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Standard 7: Multimodal Literacy

Students will acquire, refine, and share knowledge through a variety of written, oral, visual, digital, non-verbal, and interactive texts. 

READING: Students will evaluate written, oral, visual, and digital texts in order to draw conclusions and analyze arguments.

10.7.R.1 Students will analyze techniques used to achieve the intended rhetorical purposes in written, oral, visual, digital, non-verbal, and interactive texts to generate and answer interpretive and applied questions to create new understandings.

Student Actions 

Teacher Actions 

  • Students will examine the techniques used by creators to achieve the intended purpose.
  • Students will generate new understanding from all varieties of texts by using text-dependent, thematic, inferential, open-ended, or opinion questions.
  • Students will ask insightful questions regarding print and non-print text.
  • Teachers provide examples of various media formats.
  • Teachers show students various techniques creators use. 
  • Teachers provide opportunities for students to annotate or take notes over various media formats. 
  • Teachers provide opportunities for students to ask questions about various media formats.
  • Teachers provide opportunities for discussion about various media formats.

Supporting Resources 

Teacher Insights 

Defining Multimodal Literacy by Dr. Craig Hill (video)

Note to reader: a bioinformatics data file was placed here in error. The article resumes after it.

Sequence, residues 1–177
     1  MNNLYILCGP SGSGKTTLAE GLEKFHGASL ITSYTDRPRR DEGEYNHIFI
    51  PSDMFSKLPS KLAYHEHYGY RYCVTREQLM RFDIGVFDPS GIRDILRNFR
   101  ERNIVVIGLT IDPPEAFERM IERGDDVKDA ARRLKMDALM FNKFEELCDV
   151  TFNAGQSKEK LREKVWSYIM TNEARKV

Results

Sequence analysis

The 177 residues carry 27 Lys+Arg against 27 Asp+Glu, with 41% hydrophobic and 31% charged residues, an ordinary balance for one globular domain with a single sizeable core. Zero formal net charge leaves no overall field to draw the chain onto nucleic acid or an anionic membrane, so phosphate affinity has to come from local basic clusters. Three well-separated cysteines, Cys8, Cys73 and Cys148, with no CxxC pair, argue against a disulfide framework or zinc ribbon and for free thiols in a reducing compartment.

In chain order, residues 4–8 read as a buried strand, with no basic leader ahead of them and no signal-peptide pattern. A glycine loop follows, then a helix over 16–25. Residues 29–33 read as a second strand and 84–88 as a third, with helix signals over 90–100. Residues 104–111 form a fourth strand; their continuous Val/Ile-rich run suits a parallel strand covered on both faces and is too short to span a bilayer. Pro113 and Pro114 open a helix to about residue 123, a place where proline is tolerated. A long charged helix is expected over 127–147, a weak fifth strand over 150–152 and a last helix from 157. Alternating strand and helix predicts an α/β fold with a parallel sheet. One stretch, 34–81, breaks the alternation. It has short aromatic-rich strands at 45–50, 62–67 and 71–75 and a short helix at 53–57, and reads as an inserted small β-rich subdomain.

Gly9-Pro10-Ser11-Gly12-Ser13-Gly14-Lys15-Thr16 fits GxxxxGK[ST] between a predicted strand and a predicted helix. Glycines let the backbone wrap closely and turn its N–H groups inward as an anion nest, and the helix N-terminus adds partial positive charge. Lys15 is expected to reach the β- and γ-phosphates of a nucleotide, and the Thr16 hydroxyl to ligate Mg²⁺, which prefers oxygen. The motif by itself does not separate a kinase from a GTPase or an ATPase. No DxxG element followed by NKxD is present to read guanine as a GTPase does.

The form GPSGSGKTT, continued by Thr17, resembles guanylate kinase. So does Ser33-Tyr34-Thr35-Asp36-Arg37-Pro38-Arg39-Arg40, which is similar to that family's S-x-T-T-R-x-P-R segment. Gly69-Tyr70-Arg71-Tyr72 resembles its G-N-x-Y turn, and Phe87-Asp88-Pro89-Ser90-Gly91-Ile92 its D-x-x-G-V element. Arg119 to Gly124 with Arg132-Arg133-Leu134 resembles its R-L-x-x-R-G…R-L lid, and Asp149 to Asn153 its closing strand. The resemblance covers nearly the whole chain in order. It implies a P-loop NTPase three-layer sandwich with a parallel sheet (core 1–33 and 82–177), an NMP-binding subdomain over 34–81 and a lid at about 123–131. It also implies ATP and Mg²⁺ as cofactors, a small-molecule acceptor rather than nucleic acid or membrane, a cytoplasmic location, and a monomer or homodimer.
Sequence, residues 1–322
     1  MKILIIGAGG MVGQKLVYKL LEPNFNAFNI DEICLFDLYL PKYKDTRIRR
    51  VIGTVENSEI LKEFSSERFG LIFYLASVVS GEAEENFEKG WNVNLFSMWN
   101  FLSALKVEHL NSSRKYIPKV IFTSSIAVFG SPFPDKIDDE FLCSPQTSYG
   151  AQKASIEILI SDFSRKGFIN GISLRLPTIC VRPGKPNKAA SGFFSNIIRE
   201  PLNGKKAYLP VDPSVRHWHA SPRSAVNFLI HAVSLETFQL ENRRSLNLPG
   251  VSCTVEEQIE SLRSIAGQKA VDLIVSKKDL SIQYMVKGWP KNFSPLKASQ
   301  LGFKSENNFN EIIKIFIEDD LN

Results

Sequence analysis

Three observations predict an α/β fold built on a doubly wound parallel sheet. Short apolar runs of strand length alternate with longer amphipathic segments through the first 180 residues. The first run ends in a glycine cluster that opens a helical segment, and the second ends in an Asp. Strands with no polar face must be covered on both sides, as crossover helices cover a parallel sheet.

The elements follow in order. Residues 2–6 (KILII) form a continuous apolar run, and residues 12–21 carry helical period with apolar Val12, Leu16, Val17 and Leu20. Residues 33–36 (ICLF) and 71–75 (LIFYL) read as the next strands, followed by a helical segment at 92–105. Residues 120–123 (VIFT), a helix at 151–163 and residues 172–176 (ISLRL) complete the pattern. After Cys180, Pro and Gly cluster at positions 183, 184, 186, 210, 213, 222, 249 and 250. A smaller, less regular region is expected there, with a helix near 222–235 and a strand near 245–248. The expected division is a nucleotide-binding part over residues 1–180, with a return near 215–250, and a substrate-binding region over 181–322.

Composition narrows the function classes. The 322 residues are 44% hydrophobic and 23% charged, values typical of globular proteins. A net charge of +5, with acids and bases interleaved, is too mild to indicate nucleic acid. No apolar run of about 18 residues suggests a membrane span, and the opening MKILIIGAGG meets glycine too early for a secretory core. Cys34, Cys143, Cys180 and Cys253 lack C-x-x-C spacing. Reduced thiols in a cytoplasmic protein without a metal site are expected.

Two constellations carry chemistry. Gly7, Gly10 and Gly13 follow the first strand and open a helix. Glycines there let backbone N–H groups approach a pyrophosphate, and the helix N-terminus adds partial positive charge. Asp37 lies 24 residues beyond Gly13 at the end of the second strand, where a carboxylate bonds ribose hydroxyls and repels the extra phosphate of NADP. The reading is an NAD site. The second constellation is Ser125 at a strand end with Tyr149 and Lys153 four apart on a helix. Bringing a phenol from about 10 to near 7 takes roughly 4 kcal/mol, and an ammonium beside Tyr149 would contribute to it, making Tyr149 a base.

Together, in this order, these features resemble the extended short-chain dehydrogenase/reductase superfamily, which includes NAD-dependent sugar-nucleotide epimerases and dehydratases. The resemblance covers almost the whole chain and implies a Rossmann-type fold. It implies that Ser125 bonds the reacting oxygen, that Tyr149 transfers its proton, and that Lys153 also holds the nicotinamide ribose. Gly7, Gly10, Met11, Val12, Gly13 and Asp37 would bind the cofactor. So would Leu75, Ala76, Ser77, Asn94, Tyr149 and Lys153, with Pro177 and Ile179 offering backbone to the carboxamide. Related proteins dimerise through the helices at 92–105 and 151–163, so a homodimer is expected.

• A multimodal text combines two or more variations of communication through either linguistic, visual, audio, gestural, or spatial means.

    • Examples of multimodal texts include picture books, web pages with audio or video, or a live performance of a play.

  • A creator’s intended purpose can take many forms. For example, propaganda or advertising will be manipulative while informative writing will be more straightforward.

  • An interpretive question involves close reading and drawing conclusions based upon the reader’s interpretation of the information in the text.

    • These are not answered with opinions; rather, they require the understanding of clues within the text.

    • Example: What is the author’s purpose?

  • Applied questions are predominantly opinion questions usually connected to the real world. These questions can be difficult to assess since there is not a right or wrong answer, but the students need to have textual support for their opinion.

    • Examples: What impact does this text have in your life? How would this text be different if an audio component were added?

Due to recursive nature of the standards, it is essential that teachers are aware of how all objectives within and between strands work together for optimal instruction.

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